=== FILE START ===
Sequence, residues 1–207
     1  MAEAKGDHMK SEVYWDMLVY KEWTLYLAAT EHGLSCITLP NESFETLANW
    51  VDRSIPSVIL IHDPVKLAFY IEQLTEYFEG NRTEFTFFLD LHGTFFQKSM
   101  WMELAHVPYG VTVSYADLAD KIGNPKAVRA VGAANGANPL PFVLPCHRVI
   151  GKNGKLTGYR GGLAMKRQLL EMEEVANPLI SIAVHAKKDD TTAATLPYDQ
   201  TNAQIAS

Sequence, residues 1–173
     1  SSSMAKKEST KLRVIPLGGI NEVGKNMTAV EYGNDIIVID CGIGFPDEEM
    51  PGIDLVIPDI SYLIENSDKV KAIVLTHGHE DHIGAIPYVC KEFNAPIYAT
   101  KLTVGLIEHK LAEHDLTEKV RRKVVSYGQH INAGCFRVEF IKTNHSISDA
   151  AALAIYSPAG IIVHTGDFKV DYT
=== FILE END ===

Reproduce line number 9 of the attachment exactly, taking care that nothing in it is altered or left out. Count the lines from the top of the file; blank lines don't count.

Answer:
    51  PGIDLVIPDI SYLIENSDKV KAIVLTHGHE DHIGAIPYVC KEFNAPIYAT